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Wednesday, May 6, 2015

Government borrows N473billion to meet up with recurrent expenditure, says Okonjo-Iweala

Okonjo-Iweala 
ABUJA — The Minister of Finance and Co-ordinating Minister for the Economy, Dr. Ngozi Okonjo-Iweala, yesterday, put to rest fears of immediate removal of fuel subsidy, as she confirmed that N145.2 billion provision was made for it in 2015 budget.

Speaking to newsmen in Abuja, she said: “I want to clarify that there has been some misinformation that has gone around in the media about the fact that the National Assembly passed the 2015 budget without provision for fuel subsidy. It is not true.

“It is important that you note that the National Assembly approved provisions of N100 billion for PMS (Petroleum Motor Spirit, otherwise called petrol) and N45.2 billion for kerosene subsidy. So, it is not true that they passed the budget without provision for subsidy.”

How that budgetary provision would meet the needs would be a challenge for the in-coming Gen. Muhammadu Buhari administration in the months ahead.

Managing tough cash flow
The minister emphasized that managing the economy since the crash in oil prices had been very tough for her team which had to adopt various strategies to keep the economy running.

She said: “As you know, I have been honest with you since the current economic problems started. I would like to repeat: we have serious challenges, things have been tough since the beginning of the year and they are likely to remain so till the end of the year. We have serious challenges but we also have strengths and if we do the right things we can keep a steady course and emerge out of the current situation.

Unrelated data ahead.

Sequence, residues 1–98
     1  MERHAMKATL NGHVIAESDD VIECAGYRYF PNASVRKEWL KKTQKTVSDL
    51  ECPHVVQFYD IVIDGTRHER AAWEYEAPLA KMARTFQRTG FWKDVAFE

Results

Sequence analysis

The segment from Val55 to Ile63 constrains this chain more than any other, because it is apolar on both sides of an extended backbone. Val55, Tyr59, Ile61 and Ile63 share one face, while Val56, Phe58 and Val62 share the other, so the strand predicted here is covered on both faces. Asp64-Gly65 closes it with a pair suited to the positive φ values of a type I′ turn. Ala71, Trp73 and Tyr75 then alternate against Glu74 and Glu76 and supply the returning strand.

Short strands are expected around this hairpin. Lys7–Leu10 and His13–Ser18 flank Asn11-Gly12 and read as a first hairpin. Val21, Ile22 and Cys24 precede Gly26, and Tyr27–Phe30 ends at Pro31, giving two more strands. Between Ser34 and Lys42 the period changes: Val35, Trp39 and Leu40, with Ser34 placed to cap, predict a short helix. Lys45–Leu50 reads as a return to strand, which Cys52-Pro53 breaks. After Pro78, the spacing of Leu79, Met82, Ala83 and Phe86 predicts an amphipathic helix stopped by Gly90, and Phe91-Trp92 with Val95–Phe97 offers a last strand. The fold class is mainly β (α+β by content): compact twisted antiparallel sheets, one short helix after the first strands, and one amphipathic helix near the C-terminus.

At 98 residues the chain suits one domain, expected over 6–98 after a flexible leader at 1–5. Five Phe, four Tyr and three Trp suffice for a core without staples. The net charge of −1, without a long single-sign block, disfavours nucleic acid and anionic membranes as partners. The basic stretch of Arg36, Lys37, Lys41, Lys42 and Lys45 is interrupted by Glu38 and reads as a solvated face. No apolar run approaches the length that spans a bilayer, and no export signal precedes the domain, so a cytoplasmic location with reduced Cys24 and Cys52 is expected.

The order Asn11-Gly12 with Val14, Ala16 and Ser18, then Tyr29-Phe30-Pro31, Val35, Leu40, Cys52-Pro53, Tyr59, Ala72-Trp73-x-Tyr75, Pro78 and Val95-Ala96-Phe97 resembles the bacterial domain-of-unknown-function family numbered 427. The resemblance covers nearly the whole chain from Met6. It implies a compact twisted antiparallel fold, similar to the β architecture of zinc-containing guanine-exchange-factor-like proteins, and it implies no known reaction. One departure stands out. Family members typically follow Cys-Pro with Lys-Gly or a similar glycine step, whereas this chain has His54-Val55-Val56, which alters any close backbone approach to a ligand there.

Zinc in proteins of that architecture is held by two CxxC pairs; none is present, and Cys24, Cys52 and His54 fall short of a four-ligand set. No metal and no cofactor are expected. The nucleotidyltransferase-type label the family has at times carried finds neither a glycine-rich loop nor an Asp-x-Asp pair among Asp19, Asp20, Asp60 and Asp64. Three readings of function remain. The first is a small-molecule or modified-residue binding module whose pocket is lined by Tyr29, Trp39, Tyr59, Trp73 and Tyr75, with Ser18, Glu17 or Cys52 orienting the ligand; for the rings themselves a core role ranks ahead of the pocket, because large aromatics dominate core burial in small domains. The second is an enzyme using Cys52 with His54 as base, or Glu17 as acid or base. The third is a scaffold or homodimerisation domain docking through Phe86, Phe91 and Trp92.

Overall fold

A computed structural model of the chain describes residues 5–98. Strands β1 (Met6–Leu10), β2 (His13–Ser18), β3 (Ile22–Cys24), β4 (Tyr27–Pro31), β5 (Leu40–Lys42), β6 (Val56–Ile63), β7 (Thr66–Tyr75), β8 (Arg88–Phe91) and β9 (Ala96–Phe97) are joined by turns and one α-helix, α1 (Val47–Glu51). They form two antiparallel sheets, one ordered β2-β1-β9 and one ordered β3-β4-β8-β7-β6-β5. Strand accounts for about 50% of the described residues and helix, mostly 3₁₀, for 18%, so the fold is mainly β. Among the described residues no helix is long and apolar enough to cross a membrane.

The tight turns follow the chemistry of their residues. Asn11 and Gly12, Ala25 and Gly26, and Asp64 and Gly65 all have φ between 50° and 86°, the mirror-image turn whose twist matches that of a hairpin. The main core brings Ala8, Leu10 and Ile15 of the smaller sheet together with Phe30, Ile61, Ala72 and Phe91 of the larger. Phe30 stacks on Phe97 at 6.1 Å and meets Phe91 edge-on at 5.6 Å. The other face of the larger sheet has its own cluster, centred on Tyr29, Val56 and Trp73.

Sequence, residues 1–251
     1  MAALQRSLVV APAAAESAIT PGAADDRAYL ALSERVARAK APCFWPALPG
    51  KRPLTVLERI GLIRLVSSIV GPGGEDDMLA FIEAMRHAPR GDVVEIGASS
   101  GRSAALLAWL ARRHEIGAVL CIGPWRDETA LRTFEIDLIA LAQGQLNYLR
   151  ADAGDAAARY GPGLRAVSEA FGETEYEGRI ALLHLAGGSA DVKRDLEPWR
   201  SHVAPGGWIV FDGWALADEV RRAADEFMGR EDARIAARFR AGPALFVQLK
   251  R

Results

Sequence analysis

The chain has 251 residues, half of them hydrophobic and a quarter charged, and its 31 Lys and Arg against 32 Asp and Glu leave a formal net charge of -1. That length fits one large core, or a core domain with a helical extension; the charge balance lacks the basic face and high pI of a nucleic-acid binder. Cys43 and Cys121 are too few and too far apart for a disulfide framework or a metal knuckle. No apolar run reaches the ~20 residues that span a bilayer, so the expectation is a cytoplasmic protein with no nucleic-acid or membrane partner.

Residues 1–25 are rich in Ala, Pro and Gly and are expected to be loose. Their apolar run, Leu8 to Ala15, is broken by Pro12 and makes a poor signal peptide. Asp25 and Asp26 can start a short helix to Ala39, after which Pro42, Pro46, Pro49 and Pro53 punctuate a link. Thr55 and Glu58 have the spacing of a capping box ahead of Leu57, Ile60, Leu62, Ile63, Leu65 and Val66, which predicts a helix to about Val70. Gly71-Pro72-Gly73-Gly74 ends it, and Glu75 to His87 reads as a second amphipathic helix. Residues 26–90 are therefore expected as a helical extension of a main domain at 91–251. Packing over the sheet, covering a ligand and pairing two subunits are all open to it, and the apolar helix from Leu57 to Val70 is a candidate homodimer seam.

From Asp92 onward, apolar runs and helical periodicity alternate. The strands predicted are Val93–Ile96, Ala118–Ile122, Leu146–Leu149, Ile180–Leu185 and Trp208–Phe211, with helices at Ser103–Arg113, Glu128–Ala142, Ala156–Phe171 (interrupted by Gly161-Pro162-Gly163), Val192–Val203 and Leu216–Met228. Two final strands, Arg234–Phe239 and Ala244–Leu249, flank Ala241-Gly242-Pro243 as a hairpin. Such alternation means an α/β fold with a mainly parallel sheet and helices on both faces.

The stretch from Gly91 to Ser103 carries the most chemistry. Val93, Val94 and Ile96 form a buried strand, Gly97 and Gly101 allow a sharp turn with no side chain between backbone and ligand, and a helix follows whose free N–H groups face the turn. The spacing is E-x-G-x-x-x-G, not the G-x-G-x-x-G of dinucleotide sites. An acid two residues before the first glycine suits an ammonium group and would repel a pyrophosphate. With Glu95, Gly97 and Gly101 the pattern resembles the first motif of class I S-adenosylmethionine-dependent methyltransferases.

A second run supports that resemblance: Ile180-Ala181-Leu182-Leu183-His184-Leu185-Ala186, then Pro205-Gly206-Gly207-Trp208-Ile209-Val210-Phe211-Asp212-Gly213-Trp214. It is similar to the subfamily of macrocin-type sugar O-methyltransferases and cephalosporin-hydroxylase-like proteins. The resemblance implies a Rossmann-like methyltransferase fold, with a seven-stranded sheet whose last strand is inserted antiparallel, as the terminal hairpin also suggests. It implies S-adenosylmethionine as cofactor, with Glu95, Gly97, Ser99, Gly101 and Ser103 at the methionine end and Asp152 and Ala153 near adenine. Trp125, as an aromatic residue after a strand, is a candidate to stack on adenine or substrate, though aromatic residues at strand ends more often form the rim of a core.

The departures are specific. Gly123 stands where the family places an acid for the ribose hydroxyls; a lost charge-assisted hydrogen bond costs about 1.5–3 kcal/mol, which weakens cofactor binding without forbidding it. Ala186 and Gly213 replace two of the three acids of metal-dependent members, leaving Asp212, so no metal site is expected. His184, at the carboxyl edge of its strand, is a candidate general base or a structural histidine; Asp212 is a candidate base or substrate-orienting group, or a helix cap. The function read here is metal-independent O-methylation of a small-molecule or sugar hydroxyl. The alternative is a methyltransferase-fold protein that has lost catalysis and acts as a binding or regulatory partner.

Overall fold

“As a result of the 50 per cent decline in oil revenues, the country has faced a difficult cash crunch and the Federal Government has focused on keeping the economy stable and the government running through a series of measures. We have front-loaded the borrowing programme to manage the cash crunch in the economy.

“In January we had a deficit in terms of the money we had and the expenditure we had to carry out. So we had to borrow to add to what we had. In February, it was the same.

“In March, we were able to have more internally generated revenue that enabled us to offset but in April, we had to borrow to cover up some gap. This is how we have been managing the economy on a month-by-month basis.”

Okonjo-Iweala said the Federal Government had already utilised more than half of the budgetary provisions for borrowing in the year, in the first four months to pay salaries and provide funds for overheads.

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